Cannabis & Work
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According to Health Canada the number of medical marijuana users will increase from by several hundred thousand by 2024. Approximately 60% of them will be employed, requiring those employees to have some sort of authorization to use medicinal cannabis in the workplace. Without doubt, failure of employers to deal with cannabis usage in the workplace will result in human rights cases being tabled under the Canadian Charter of Rights and Freedoms.
Since Canada’s legalization of medical marijuana in 2001, the country has experienced a significant surge in the number of registered users. data reveals that client registrations have surpassed 235,000 as of September 2017. As the trend continues, more employees will require authorization from their companies to use prescribed medical marijuana while at work. These businesses need to take proactive measures and meet legal obligations for these employees.
The marked increase of legal cannabis users in North America creates new concerns regarding workplace safety; employers must face these challenges. New Canadian laws require companies to establish policies and accommodate cannabis use in the workplace, while avoiding the possibility of accidents due to impaired employees.
According to a conducted by the Human Resources Professionals Association (HRPA) in 2017, almost 50 percent of its 650 members do not believe existing policies adequately cover potential workplace issues related to the legalization of marijuana. Without a clear legal definition for “impairment” — or established legalities regarding whether employers can test workers for cannabis use without violating their human rights — businesses need guidance.
The TCN Solution
TCN is committed to helping both employers and workers gain a comprehensive understanding of the complex issues related to medical marijuana and workplace safety:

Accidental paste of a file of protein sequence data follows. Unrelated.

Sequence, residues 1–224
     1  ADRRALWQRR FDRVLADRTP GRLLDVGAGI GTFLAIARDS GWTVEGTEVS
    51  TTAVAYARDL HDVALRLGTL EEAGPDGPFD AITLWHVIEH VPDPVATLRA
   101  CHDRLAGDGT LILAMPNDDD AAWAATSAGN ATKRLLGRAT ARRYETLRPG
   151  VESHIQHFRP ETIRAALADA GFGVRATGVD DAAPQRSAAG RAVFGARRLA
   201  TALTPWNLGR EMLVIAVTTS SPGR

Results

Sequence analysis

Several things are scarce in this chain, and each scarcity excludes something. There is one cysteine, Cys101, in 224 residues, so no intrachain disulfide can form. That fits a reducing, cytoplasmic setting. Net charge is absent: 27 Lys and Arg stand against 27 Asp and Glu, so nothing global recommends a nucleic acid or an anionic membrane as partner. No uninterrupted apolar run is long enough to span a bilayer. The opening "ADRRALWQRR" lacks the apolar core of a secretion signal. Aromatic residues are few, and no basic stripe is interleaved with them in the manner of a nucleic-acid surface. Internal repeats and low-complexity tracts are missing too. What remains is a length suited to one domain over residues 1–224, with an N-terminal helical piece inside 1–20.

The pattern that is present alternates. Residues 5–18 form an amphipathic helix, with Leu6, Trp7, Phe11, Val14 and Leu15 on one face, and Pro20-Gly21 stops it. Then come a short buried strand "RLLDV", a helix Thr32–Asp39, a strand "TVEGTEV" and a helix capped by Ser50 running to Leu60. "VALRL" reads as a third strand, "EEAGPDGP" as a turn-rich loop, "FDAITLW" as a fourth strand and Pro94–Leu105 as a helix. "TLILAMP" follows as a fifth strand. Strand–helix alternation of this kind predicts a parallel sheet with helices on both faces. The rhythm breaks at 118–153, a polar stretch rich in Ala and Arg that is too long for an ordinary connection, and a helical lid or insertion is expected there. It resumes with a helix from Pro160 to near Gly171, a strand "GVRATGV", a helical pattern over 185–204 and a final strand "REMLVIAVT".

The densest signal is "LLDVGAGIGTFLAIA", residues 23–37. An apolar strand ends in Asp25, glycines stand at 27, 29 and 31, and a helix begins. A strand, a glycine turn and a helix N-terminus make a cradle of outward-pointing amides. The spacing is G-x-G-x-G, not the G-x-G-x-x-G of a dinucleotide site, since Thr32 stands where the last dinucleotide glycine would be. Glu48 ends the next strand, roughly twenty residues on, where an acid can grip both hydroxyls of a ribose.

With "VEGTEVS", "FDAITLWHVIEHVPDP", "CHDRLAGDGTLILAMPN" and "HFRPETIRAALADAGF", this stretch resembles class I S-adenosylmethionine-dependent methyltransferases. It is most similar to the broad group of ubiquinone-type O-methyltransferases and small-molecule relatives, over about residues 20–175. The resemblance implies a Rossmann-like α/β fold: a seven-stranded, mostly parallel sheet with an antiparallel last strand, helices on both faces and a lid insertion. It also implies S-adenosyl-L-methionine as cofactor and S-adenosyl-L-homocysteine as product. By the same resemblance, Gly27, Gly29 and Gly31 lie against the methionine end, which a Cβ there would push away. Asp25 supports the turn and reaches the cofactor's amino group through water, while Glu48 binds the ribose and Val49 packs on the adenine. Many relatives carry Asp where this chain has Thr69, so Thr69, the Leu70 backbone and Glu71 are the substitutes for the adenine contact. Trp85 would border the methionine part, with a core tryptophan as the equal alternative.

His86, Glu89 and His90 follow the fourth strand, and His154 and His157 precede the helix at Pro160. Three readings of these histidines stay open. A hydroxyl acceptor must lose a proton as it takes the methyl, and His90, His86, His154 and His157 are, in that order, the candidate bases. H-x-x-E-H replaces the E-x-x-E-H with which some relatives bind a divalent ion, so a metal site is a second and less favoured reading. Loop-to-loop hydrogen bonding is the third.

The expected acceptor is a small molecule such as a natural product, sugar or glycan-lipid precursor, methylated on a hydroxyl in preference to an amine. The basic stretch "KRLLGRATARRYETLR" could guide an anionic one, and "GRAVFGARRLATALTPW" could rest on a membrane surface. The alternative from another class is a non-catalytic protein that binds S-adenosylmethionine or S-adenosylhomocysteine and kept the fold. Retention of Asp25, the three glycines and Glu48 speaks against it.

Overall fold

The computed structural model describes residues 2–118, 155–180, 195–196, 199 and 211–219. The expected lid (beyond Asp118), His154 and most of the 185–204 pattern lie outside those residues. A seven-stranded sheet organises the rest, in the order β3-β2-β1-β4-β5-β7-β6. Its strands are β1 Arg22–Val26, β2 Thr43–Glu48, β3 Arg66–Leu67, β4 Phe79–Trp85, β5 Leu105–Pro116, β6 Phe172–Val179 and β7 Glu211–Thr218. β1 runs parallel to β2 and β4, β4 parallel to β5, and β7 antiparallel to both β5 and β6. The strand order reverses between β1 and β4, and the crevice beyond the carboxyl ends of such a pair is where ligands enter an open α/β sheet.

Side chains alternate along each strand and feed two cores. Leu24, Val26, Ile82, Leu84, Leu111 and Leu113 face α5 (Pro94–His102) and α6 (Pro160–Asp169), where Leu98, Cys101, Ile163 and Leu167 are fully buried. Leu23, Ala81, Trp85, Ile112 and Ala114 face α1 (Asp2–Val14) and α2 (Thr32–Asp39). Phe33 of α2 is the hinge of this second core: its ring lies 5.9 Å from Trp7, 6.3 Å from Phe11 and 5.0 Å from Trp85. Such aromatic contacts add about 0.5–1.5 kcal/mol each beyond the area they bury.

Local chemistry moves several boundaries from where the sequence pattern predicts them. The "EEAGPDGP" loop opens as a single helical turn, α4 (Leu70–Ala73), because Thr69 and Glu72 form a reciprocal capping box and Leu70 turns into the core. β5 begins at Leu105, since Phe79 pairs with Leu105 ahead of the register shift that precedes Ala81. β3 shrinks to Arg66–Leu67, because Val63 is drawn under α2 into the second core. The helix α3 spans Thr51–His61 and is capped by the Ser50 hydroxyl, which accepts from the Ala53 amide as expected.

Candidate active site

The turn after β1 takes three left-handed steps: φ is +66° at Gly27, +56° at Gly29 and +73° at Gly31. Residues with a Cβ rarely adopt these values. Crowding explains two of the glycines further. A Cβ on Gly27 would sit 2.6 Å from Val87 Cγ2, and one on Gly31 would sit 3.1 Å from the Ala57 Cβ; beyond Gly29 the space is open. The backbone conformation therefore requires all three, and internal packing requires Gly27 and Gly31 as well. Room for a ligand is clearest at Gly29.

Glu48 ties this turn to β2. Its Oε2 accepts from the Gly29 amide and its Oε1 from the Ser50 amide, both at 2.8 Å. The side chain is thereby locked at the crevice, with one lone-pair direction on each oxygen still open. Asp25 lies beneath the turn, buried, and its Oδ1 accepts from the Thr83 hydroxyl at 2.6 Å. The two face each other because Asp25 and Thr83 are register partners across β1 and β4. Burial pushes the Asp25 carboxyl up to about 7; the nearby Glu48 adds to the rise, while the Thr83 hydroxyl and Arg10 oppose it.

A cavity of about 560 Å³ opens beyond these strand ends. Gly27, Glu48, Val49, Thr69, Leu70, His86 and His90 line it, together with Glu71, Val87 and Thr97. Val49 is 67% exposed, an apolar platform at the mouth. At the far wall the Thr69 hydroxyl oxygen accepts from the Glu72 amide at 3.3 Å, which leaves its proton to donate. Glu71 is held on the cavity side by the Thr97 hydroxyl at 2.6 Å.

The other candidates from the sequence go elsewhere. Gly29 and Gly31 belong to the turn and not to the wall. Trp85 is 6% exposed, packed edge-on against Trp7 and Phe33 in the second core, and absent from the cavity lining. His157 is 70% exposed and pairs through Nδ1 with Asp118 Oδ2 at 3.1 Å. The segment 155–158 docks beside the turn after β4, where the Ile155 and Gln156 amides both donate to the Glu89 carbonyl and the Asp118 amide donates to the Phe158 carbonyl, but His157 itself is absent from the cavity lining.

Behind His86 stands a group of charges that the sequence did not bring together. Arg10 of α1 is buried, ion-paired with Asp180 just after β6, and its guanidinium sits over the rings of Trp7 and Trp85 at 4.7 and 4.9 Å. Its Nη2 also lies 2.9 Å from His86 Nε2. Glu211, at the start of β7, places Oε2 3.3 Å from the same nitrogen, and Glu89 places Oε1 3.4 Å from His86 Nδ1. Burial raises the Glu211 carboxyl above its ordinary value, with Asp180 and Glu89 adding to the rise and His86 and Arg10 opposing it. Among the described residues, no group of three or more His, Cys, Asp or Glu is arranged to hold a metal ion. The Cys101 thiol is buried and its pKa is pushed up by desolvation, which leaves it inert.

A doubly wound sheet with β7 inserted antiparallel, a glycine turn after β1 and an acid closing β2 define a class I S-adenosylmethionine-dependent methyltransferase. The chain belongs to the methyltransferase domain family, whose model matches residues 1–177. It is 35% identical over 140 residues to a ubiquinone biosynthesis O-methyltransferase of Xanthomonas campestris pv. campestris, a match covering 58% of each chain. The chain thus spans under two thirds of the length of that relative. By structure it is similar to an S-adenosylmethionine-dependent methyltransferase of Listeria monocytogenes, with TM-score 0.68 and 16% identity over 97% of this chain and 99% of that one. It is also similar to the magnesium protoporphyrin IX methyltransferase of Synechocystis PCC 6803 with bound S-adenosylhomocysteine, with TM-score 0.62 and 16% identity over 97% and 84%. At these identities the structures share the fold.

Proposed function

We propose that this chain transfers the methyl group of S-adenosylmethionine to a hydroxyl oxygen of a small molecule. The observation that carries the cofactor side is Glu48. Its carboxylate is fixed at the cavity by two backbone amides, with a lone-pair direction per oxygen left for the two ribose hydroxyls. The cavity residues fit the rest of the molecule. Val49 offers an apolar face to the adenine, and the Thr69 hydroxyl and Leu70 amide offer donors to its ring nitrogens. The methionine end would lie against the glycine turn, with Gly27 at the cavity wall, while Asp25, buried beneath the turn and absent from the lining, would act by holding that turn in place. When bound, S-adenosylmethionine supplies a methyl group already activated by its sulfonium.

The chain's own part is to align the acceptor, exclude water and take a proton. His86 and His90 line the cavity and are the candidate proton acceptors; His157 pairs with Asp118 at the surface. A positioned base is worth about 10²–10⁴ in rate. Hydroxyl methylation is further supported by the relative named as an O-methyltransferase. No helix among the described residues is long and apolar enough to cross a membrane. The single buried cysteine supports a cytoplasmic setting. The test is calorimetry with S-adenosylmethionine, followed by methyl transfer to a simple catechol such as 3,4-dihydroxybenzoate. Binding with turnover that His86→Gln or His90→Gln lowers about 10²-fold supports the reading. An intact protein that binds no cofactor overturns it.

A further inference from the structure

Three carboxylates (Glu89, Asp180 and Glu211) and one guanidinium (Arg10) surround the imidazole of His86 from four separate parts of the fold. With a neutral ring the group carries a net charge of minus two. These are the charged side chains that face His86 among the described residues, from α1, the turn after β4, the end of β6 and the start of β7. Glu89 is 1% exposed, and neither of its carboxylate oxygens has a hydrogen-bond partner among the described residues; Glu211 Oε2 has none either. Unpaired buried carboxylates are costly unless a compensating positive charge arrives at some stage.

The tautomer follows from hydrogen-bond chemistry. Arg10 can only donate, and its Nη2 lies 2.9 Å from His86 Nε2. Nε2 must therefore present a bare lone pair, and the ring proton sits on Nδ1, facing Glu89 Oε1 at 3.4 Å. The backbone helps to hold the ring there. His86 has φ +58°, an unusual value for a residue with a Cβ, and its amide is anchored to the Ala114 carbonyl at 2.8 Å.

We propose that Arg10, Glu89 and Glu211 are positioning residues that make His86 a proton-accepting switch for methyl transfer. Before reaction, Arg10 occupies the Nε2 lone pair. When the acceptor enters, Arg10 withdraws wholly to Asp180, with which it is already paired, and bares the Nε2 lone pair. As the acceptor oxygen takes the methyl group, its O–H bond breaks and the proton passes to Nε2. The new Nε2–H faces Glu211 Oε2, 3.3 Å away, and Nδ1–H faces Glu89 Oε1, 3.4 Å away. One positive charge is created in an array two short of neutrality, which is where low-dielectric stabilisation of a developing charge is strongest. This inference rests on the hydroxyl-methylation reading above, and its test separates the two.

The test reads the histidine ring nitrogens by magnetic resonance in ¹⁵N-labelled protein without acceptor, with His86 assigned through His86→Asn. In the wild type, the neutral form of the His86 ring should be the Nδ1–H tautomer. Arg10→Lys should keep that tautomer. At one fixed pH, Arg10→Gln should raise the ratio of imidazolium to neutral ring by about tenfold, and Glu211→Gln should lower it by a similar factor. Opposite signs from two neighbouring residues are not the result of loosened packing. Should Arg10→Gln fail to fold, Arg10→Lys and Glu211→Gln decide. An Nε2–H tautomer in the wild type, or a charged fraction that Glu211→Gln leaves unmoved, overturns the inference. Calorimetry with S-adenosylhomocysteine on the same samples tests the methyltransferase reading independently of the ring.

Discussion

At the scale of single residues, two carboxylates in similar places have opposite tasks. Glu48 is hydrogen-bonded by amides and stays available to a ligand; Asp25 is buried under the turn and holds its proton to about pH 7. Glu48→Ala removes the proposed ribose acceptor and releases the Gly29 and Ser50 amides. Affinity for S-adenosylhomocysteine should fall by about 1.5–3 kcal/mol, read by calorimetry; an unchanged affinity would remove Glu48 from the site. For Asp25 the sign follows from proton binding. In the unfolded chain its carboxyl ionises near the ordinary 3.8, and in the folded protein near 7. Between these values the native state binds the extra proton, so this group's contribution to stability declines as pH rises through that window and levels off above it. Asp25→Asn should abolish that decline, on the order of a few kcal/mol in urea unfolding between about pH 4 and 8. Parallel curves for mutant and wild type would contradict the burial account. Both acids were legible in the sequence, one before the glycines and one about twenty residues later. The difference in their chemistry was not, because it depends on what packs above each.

- As more Canadians turn to cannabis as an alternative pain management therapy, this is an issue that both small business and large corporations need to address.
- Employers and employees need to look, understand, and (when necessary) update their policies to deal with the legalities of cannabis as a medically prescribed drug in the workplace. Employers have a duty to accommodate their employees’ right to medicate. If companies perform random drug tests, considerations have to be made.
- TCN has legal experts who employers can consult with on their legal obligations and responsibilities.
- TCN has medical professionals who can educate employers on the parameters of effective and appropriate cannabis use, which may serve as reference in drafting their policies.
- TCN’s medical staff will help employers and employees determine the appropriateness of medical marijuana as a treatment option on a case to case basis.
- As part of its assistance, TCN can delve into the issues regarding CBD/THC ratios, ingestion types, and treatment options.
- When prescribing cannabis medication during working hours, physicians must consider the employee’s ability to function in the workplace. A medical professional must consider if an employee is competent to perform their job responsibility and safety while taking cannabis. Certain job responsibilities (such as driving or operating heavy equipment) may make cannabis consumption impossible.
- By decreasing inflammation and pain, it is possible that medical marijuana could improve (rather than diminish) employee performance, depending upon the type of cannabis prescribed and medical condition being addressed.
- TCN will provide guidelines on when — and how — employees should disclose to their prescription for cannabis use to their Human Resources department. (For instance, employees are required to communicate their use of prescribed cannabis in advance if companies conduct random drug tests.)
- Like any medical prescription, employees must always have on hand documentation (e.g. Health Canada registration certificate, as well as the cannabis container with relevant medical information printed on it) showing they’re legally permitted to receive cannabis treatment.
- Cannabis purchased from a storefront dispensary may not qualify as prescribed medicine. Individuals using cannabis should always purchase medical marijuana from a Health Canada certified Licensed Producer.
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